I remember when Brian Halligan and Dharmesh Shah were building Hubspot and created the terminology around inbound marketing. I was International Marketing Director at Silverpop at the time and had just launched its B2B marketing automation platform in UK and Europe.
We had a huge content production team there and we knew that the people who consumed our content were much more likely to close than those who came in via other channels. Its biggest challenge though was the time it took to scale up and cut through in a competitive marketplace — we always needed to supplement it with other approaches.
Today, most companies have some sort of inbound marketing strategy. Certainly more than have a formal account based marketing (ABM) strategy. Our experience at Radiate B2B is that even more sales teams use an account-based sales approach and have their own lists of prospects separate to marketing that they want to close.
An account-based approach is different to an inbound marketing-based approach. The way you plan is different and the way you implement them is different.
It is not a case of either or though. While different, they do not compete. Inbound marketing and account-based marketing are complementary to each other.
What is inbound marketing?
Inbound marketing focuses on attracting customers with content that feels valuable and intuitive to the prospect. The major channels used are blogs, search engines, and social media.
It most definitely does not interrupt or fight for a prospect’s attention. Though with the amount of content being produced by marketers this is becoming harder and harder and requiring higher quality and more personalised content to stand out (though by the nature of inbound this is usually limited to industry level rather than account level).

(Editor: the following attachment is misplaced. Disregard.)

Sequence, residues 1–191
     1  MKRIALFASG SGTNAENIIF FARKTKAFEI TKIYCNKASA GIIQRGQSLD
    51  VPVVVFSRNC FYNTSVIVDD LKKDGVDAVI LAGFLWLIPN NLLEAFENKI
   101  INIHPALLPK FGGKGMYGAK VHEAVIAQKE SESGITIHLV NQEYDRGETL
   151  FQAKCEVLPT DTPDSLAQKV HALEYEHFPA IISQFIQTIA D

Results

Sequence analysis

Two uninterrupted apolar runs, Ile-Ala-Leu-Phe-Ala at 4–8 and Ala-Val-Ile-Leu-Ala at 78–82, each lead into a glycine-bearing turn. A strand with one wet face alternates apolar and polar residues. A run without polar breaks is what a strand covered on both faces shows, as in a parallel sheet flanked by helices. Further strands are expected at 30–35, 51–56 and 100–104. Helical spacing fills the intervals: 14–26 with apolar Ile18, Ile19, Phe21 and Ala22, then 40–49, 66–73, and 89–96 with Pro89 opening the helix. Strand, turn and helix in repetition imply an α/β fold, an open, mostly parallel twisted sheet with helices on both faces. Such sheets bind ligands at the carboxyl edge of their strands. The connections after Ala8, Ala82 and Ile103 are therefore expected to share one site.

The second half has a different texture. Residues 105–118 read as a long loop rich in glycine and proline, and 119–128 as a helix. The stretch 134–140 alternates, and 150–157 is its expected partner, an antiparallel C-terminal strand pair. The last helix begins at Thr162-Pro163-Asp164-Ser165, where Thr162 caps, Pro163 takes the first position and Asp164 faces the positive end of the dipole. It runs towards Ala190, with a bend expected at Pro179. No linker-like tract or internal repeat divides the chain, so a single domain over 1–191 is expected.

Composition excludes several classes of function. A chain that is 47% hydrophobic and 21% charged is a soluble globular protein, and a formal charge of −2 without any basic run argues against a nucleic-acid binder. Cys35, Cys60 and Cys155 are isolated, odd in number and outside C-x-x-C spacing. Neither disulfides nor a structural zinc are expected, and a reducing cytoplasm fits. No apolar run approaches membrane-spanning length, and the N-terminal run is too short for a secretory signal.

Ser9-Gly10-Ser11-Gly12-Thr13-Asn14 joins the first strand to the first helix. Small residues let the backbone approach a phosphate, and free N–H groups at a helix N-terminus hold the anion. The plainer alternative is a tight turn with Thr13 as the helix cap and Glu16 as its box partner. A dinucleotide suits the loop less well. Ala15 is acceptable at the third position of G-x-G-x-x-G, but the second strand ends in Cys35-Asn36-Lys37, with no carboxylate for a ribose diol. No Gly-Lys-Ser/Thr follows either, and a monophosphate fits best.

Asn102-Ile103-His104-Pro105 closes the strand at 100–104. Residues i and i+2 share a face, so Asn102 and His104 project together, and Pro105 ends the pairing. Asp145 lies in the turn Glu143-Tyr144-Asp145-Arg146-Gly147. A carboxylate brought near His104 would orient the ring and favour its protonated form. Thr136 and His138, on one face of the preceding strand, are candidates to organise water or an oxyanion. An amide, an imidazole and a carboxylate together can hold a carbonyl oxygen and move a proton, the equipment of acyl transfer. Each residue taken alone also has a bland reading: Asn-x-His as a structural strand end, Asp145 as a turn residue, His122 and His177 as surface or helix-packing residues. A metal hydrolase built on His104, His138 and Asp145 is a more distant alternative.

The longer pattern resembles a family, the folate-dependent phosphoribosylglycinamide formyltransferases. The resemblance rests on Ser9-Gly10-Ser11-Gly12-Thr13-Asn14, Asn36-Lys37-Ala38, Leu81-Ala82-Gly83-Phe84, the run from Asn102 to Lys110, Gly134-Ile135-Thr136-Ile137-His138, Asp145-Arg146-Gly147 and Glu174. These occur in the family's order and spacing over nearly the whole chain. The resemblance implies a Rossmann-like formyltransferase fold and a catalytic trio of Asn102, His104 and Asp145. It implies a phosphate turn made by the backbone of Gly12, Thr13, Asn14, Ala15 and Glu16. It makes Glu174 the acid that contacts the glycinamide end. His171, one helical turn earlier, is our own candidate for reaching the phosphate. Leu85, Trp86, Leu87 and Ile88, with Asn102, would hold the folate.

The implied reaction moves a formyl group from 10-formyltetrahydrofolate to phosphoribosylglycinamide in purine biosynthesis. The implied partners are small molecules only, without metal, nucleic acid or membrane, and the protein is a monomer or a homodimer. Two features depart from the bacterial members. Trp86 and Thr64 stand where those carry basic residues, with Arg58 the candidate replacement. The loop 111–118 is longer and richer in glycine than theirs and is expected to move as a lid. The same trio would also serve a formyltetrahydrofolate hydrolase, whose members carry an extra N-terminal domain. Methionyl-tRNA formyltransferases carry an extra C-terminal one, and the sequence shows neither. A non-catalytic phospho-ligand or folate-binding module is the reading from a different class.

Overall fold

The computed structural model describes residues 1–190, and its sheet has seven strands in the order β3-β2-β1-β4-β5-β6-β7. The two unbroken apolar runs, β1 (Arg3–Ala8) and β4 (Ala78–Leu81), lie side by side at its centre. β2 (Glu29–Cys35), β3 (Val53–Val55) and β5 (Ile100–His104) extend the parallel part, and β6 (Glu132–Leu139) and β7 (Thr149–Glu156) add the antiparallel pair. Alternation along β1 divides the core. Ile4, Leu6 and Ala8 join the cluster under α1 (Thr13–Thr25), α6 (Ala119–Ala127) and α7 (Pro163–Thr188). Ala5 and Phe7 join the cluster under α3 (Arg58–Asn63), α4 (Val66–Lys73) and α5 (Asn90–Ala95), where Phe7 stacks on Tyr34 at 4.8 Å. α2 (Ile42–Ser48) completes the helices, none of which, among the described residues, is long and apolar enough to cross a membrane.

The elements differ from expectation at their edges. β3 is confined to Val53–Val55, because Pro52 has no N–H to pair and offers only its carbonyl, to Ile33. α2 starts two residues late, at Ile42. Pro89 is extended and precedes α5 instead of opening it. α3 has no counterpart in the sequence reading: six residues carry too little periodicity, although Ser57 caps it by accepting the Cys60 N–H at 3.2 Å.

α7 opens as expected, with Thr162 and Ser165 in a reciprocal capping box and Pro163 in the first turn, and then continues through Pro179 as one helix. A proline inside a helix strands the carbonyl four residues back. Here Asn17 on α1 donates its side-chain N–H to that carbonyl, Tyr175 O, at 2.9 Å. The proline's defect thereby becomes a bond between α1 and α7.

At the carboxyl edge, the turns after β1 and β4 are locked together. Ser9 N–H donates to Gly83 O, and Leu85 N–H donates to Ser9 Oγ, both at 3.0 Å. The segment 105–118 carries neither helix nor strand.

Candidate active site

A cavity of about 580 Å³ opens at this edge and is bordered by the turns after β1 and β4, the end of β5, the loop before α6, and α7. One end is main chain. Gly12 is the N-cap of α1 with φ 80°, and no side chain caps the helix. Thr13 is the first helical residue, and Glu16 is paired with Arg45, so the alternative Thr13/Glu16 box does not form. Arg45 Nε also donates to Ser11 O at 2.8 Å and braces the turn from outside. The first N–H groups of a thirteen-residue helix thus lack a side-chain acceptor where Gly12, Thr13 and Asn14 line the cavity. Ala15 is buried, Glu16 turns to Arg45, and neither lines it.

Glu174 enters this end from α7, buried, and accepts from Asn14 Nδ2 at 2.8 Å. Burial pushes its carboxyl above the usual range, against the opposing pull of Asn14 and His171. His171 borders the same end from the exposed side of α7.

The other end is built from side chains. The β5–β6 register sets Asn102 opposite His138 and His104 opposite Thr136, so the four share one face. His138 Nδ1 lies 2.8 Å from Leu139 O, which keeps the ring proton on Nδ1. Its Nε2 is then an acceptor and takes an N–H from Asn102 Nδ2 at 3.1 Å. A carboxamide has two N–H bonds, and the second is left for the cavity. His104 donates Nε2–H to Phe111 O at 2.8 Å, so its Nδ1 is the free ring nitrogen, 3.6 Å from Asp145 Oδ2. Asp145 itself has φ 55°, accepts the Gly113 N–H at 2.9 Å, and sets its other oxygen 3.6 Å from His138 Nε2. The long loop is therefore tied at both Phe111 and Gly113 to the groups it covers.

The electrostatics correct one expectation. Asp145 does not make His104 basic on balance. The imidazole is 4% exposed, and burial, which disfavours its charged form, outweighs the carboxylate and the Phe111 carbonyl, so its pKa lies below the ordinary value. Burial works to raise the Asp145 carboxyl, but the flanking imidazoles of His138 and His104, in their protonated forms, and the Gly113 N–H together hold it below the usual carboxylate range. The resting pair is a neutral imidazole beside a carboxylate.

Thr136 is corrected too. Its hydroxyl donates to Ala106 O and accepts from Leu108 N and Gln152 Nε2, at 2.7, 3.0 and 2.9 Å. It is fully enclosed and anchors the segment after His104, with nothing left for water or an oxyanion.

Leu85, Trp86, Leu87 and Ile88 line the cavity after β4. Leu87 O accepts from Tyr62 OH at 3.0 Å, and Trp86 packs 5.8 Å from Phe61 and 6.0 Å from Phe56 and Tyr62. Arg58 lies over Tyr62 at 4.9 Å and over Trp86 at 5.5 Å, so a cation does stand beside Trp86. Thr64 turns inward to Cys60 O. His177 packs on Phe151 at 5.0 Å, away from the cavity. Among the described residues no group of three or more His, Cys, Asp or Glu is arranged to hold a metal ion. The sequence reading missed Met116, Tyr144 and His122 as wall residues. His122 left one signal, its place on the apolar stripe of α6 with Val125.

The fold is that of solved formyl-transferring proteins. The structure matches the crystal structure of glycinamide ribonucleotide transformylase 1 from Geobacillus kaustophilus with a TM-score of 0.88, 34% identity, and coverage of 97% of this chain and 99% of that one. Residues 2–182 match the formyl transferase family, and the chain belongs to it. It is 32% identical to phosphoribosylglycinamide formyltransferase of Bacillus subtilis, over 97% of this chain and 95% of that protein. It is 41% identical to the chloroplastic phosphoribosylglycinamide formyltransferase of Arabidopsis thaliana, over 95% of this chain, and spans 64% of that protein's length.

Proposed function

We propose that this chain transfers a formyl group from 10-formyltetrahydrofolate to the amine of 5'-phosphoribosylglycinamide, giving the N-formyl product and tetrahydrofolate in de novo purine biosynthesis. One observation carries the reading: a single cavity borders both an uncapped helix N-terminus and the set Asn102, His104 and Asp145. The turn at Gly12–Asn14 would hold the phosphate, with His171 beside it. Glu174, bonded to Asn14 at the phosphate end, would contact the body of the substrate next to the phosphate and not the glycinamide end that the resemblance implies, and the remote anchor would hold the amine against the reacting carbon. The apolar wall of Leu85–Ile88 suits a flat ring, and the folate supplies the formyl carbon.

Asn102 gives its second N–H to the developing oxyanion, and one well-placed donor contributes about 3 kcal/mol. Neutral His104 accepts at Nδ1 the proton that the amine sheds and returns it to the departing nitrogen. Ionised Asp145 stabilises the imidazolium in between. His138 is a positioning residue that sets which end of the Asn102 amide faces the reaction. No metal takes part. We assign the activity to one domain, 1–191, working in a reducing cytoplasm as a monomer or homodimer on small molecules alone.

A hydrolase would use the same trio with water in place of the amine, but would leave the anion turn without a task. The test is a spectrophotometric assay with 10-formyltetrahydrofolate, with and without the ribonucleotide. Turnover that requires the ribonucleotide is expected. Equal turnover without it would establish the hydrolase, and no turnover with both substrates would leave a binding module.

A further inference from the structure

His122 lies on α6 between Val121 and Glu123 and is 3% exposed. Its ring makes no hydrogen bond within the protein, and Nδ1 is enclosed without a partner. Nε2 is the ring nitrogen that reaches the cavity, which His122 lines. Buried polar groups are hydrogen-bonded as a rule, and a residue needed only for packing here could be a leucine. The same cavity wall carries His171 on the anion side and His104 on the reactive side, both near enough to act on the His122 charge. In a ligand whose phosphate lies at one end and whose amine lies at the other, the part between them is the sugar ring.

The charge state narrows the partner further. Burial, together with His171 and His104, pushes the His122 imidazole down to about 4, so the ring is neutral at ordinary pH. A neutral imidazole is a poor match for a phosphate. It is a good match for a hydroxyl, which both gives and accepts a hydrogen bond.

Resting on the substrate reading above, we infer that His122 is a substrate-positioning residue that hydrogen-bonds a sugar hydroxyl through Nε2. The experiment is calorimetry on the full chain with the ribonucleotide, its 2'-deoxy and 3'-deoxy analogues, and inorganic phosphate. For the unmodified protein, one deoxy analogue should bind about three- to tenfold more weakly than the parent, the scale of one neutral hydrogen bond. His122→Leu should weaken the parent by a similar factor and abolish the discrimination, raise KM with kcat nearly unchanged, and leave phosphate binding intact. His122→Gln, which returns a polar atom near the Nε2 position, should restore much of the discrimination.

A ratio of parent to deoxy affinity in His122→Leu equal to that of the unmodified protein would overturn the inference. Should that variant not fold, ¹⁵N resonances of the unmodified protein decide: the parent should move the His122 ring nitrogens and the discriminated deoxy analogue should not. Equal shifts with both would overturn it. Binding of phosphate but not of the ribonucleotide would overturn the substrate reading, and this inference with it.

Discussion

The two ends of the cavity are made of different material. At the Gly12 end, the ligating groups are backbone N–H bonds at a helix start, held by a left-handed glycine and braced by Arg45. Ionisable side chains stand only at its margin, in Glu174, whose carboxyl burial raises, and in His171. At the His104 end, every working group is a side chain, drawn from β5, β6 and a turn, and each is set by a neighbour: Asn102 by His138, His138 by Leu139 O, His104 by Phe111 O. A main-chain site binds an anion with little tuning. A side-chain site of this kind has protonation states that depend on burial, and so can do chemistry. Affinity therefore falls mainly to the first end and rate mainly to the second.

Most of all it builds trust and positive brand equity with a prospect.
What is account-based marketing (ABM)?
Traditionally account-based marketing has been about marketing to a select few companies that are in your sweetspot and are extremely valuable.
Today, technology is helping to scale this beyond a select few and up to a few hundred accounts. This has created a new and upsurging interest in the strategy and has been coined ‘ABM’, ‘One to Few ABM’, ‘Named account ABM’ or ‘Industry ABM’. Eventually the terminology will converge of course but not so far.
It has long existed in sales and has been growing within customer success teams also. As a result the strategy has moved beyond just marketing to be termed account-based everything or ‘ABX’. Alignment across the three raises results significantly though there is detail within each that is not applicable across the board.
Like inbound marketing, an account-based approach aims to build valued relationships with the aim of attracting a high value customer.